More women are becoming CEOs of major companies in Europe and the U.S., but the overall portion of women at the top is still tiny.
A new report by S&P Global Market Intelligence shows that since 2009, companies in the S&P Euro 350 have added one female CEO a year. That brings the total number of female CEOs at Europe’s largest companies to 14, up from just six in 2009. To put that number in perspective: Women now account for 4% of CEOs in top European companies, compared to a little less than 2% seven years ago.
U.S. firms fared better, albeit only slightly. Companies in the S&P 500 now have 27 women in the chief executive position, up from a little more than 5% from the 18 it had in 2009, according to the study.
Taken together, the figures show that despite talk about gender diversity, companies haven’t made much progress in their efforts to get women into the executive suite. “The number of female CEOs is slowly increasing, but it’s not to the extent we would hope,” says Pavle Sabic, global head of market development at S&P Global Market Intelligence, who authored the report. “The direction is good, but the magnitude has considerable room to grow.”
Among the women in Europe who became CEO this year: Isabelle Kocher of the French utility Engie, No. 3 on Fortune‘s Most Powerful Women International list, Birgitte Bonnesen of Swedish bank Swedbank, and Alison Brittain of Costa Coffee shop owner Whitbread, No. 39 on Fortune‘s MPW International list. Next year, they will joined by Emma Walmsley, who was recently announced as the next CEO of drugmaker GlaxoSmithKline—and who is also on the Fortune list (No. 33).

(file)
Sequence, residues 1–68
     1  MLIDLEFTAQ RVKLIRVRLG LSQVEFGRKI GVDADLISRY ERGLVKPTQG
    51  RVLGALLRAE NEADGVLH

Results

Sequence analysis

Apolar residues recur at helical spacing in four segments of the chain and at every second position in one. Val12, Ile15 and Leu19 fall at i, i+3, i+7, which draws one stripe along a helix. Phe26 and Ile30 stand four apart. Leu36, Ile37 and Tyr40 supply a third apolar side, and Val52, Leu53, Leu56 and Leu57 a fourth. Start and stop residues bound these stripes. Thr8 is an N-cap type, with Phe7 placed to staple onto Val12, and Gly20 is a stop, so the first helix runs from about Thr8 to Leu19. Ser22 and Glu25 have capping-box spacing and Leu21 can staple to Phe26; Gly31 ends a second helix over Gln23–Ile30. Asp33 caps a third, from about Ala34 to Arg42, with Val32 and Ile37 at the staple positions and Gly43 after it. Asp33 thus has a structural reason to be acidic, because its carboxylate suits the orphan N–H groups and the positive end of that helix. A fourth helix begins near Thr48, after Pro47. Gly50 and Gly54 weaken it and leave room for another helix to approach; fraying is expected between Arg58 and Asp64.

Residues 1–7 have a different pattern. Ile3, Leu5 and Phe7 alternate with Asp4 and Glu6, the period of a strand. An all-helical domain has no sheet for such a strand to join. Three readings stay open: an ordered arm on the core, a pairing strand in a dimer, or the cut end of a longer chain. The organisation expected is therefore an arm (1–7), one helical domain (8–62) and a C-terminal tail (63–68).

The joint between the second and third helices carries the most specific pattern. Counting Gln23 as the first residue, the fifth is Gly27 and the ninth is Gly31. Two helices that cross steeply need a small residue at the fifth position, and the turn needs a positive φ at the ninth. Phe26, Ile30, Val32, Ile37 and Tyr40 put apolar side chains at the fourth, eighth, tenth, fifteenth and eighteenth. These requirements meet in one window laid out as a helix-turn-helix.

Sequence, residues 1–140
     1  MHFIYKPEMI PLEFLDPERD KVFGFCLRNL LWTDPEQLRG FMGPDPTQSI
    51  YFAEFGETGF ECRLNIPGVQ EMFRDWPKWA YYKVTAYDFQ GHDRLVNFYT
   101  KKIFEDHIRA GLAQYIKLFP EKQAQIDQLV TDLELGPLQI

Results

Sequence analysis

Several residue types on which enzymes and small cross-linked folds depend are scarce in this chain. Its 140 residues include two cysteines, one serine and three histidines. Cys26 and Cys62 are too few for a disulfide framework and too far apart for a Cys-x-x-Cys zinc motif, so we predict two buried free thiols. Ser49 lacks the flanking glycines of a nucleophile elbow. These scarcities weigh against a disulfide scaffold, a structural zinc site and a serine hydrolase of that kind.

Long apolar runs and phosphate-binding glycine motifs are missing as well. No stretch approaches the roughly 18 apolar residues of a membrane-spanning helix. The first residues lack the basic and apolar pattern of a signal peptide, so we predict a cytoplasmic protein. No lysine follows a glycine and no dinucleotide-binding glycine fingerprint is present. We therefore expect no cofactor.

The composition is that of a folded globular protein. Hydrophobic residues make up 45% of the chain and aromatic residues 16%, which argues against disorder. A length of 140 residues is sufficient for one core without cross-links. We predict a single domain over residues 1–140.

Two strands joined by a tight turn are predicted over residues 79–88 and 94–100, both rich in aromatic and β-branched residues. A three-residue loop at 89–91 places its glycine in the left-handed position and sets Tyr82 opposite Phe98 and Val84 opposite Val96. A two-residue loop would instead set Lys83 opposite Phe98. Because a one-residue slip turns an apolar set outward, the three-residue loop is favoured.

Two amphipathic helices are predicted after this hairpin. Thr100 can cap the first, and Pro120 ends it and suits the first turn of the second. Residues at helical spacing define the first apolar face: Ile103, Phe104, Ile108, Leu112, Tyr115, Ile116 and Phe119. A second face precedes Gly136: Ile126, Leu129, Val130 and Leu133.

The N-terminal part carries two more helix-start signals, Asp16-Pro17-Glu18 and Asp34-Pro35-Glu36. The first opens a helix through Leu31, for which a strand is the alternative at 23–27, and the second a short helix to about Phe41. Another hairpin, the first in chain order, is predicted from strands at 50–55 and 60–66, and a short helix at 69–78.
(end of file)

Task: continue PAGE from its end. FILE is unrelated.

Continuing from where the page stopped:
Subscribe to The World’s Most Powerful Women, Fortune’s daily must-read for global businesswomen.
Walmsley, who is expected to become the FTSE 100’s seventh female chief executive next year, will assume her position at a challenging time for the effort to get more women into the upper ranks of big U.K. companies. The Financial Times notes that the portion of women on FTSE 100 boards has been stuck at 26% for over a year, even though there’s a target of having women in a third board seats for the largest U.K. companies by 2020. Even so, the figure surpasses the U.S., where women make up 19.9% of boards, according to the research group Catalyst.
The S&P report also showed that while more women are making it to the top of major companies, they tend to stay there for shorter periods of time than men. The tenures of female CEOs in both regions, on average, is two years shorter than those of men. Specifically, the average term of a woman chief executive in the U.S. is four years, compared to six years for a man. In Europe, women tend to stick around longer, with an average stay of three years versus five years for men.
While that gender tenure gap isn’t huge, it could translate into a significant economic cost for the female execs, says Sabic: “Two years may not sound like a long time, but considering CEO pay, it’s quite a lot.”